
 Circular Domains are not Unique
• Embedding into a circular domain is not unique,
  they differ by a Möbius transformation.




                      



                                               8
 Main Idea: Use Different Metrics
• Find multiple paths:
  – Embed to a circular domain D.
  – Apply Mӧbius transformation f on D: f(D)
  – Find greedy routing in f(D).
  – Goal: find disjoint paths.
• Recover from link failure:
  – Apply a Mӧbius transformation f on D: f(D)
  – Goal: greedy routing on f(D) does not use the
    broken link.
                    Outline
1. Mӧbius transformation
2. Explain the idea in a continuous domain
  – Theoretical guarantee
3. Implementation issues on a discrete network
4. Simulation results
                  Möbius Transform
 • Möbius transform
     – Conformal: maps circles to circles
     – Four basic elements: translation, dilation, rotation,
       inversions.



a, b, c, d are 4 complex
numbers, ad ≠ bc


                                                          11
                    Outline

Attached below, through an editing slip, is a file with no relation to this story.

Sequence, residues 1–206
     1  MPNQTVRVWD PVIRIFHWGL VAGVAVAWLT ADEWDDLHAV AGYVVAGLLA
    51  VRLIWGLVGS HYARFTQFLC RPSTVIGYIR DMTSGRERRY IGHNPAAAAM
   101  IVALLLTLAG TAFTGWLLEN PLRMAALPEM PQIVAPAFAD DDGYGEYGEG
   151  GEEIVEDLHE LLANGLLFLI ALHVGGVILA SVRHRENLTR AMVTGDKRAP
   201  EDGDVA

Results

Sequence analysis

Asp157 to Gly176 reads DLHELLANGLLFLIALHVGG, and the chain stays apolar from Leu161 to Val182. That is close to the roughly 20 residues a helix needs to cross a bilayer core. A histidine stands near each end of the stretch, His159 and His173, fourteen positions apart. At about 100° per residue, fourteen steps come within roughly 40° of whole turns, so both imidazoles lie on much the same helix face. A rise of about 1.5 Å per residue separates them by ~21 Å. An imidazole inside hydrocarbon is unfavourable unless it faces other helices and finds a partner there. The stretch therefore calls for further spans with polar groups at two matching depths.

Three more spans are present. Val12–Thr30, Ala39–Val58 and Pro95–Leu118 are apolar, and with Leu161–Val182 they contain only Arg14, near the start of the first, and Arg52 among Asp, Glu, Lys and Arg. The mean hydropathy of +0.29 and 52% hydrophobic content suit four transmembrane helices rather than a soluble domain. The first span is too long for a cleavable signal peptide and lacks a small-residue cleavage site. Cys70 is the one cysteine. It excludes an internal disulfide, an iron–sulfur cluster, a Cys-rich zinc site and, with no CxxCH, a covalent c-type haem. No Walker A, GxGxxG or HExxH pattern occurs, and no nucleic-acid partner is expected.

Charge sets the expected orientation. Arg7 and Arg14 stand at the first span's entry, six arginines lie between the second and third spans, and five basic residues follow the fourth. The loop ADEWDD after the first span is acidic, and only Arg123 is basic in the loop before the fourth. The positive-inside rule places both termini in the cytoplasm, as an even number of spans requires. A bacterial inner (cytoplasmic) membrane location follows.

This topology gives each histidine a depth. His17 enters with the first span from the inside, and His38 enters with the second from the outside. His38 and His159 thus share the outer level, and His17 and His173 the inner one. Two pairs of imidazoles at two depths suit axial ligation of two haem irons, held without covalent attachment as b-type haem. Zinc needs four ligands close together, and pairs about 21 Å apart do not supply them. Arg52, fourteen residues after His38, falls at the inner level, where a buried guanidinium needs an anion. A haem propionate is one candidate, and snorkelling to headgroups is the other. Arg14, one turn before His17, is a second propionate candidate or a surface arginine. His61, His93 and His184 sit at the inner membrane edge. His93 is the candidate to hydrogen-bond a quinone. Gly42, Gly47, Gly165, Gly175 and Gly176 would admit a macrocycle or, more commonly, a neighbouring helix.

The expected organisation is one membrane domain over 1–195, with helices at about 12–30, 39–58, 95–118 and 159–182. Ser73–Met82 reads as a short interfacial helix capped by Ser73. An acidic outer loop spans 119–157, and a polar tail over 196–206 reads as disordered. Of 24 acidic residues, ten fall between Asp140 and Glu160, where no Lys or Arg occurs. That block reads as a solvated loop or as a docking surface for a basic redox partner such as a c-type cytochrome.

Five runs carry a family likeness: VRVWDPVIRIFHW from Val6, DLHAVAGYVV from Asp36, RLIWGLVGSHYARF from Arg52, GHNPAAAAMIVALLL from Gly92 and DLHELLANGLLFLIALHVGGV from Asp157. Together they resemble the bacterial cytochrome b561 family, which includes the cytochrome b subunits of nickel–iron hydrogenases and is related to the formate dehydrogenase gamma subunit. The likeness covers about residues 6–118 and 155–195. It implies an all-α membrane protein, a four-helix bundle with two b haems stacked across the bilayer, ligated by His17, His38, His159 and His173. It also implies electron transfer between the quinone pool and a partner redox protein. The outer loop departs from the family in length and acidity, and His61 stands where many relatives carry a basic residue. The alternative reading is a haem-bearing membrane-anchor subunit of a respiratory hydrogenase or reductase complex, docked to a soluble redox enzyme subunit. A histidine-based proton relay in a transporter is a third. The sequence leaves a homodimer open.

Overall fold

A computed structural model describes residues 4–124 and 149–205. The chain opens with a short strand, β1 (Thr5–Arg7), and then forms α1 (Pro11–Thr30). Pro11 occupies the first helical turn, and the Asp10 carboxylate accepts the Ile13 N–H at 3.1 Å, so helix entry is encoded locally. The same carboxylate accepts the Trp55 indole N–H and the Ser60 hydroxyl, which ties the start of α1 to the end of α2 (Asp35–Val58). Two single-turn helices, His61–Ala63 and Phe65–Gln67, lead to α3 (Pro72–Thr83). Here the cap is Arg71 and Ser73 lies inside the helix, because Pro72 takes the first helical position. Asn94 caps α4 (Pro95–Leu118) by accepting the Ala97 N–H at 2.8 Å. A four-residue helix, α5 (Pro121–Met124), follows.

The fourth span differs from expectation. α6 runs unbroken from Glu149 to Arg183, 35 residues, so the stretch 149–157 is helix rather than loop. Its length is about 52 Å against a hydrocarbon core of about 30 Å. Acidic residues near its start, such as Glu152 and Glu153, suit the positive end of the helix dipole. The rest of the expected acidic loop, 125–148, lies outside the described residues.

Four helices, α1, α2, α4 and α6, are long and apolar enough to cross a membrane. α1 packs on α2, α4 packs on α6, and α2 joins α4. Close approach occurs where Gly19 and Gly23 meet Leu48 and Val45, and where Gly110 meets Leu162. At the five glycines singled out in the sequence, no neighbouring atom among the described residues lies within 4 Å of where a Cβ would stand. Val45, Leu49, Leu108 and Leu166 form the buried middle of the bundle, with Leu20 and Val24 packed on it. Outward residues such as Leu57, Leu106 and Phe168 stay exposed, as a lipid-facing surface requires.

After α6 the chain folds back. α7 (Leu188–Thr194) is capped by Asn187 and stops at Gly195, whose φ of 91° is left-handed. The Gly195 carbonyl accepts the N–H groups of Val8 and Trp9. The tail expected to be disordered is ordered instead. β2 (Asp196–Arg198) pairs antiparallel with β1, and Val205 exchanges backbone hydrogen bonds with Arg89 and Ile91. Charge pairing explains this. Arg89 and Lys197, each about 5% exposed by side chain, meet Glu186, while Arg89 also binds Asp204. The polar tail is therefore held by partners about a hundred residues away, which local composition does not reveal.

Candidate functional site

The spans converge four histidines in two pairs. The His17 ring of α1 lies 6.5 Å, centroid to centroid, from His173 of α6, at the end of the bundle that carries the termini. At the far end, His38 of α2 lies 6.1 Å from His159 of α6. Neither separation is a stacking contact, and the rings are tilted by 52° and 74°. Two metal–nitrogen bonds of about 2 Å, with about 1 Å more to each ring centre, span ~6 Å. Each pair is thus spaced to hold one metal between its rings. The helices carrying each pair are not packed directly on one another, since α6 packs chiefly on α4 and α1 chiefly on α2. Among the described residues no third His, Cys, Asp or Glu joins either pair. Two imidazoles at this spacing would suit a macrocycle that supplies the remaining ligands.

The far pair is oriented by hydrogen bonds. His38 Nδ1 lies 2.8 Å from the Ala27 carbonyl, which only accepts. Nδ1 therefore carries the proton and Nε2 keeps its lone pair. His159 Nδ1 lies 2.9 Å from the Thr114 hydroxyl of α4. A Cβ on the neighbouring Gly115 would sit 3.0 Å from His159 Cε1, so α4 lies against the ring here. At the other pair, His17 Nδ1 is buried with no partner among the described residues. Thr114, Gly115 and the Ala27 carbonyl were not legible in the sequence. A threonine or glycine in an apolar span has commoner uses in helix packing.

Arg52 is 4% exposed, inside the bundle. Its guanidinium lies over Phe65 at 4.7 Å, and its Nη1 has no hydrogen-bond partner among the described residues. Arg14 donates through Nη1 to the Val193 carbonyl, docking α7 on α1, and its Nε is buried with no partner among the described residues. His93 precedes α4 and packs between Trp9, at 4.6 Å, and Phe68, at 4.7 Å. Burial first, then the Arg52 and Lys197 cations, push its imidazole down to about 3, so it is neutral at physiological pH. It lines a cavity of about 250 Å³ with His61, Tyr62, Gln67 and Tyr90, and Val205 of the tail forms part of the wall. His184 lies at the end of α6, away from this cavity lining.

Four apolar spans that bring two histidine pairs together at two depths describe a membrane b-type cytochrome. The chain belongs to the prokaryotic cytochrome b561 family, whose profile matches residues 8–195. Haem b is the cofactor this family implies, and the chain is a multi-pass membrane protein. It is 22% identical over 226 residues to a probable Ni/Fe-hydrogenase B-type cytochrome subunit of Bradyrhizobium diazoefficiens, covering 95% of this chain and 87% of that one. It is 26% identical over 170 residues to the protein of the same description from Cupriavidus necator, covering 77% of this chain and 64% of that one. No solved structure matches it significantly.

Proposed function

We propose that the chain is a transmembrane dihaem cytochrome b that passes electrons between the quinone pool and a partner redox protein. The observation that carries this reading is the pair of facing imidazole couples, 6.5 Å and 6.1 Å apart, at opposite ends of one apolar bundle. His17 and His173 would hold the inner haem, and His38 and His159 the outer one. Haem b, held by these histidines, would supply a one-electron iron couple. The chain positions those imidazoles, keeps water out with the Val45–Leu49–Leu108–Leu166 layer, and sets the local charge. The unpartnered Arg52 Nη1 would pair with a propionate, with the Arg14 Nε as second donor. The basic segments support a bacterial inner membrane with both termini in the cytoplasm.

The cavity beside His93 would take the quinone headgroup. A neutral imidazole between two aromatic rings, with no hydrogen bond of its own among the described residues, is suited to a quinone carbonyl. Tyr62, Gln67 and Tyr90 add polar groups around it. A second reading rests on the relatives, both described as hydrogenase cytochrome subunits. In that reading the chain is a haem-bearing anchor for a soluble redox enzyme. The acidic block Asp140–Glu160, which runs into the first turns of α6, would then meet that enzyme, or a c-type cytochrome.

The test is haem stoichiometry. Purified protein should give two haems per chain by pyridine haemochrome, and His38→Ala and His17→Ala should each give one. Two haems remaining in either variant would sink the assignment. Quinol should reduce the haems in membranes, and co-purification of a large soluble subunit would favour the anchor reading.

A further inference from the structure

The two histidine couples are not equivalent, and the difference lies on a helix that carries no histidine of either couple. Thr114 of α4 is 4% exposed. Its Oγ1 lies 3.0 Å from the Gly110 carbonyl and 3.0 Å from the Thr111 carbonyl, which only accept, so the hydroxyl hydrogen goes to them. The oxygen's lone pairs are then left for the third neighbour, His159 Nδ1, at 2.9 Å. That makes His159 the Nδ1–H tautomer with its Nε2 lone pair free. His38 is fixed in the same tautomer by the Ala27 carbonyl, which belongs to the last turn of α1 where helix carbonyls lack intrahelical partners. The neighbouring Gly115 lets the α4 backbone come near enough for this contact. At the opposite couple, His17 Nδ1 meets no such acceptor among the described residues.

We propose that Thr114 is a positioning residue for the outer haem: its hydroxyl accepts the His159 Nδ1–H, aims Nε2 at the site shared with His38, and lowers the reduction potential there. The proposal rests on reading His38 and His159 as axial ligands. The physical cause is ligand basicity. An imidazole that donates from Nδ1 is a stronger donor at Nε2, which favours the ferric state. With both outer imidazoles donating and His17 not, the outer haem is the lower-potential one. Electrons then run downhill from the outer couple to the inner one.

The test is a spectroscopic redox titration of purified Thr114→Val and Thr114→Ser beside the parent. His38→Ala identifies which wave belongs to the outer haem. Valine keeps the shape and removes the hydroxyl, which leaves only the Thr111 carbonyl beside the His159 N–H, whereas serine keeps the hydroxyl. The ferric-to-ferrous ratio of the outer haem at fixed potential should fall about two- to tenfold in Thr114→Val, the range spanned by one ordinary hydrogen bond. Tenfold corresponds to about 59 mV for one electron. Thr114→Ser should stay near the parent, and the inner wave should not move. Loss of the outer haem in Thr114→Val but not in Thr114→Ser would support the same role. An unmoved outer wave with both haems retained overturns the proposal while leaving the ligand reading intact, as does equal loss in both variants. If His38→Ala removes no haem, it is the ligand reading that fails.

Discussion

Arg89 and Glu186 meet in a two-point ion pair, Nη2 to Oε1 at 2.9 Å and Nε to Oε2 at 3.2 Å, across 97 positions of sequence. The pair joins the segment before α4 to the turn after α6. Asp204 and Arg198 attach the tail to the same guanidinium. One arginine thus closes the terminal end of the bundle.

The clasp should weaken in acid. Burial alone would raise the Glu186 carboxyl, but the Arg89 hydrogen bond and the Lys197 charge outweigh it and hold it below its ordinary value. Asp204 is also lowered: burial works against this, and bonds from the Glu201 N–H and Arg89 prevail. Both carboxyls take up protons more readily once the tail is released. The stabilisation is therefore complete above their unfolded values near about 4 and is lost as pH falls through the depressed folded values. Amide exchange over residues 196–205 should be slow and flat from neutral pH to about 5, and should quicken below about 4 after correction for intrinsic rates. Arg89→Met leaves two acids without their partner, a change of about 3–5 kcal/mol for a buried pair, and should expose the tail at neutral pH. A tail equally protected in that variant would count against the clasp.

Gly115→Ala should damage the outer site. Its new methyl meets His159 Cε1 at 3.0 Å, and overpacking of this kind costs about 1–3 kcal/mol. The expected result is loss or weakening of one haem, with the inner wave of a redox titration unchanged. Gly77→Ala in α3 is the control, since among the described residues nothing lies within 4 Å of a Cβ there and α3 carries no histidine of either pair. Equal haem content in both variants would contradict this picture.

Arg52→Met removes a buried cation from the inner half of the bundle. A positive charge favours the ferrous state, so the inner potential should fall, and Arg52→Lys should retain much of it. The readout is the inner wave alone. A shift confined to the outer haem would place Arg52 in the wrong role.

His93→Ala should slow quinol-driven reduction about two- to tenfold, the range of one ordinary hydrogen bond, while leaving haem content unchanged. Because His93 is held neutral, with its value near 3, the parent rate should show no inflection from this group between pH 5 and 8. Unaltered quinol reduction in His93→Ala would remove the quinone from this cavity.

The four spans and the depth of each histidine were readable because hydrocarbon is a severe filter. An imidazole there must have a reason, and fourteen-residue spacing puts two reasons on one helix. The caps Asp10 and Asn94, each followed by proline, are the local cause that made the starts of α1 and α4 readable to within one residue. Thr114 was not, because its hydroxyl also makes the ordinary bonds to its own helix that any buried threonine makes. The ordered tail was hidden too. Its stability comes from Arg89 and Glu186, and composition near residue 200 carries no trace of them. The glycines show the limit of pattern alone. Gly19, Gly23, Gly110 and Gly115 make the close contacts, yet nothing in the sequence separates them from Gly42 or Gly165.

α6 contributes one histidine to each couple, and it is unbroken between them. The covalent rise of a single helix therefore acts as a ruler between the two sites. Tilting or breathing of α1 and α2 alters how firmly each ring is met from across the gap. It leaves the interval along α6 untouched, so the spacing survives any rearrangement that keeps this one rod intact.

1. Mӧbius transformation
2. Explain the idea in a continuous domain
  – Theoretical guarantee
3. Implementation issues on a discrete network
4. Simulation results
   Greedy Paths in Different Circular
              Domains
• Generate disjoint paths using different
  transformations

                       f1                   t
     s            t
                              s
   Greedy Paths in Different Circular
              Domains
• Generate disjoint paths using different
  transformations

                            s
                       f2
     s            t                     t
Isn’t This Just Routing along Arcs?
• One can greedily route along an arc. [NN, 03]
  – But there is no guarantee of delivery!
• Our method follows an arc, which is actually
  the greedy route in another circular domain.
  – Delivery is always guaranteed.




 Nath and Niculescu, Routing on a curve, SIGCOMM Comput. Commun. Rev., 2003.
          Networks with Holes
• When a circular arc route hits a hole, it is
  diverted along the boundary
  – Two paths can converge on the boundary